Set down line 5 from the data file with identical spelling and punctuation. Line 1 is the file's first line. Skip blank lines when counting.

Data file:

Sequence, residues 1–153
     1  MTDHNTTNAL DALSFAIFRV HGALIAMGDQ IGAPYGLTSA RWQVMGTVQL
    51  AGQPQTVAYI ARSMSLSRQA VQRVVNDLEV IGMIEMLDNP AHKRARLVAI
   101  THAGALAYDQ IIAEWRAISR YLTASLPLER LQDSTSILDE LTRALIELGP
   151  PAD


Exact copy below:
   151  PAD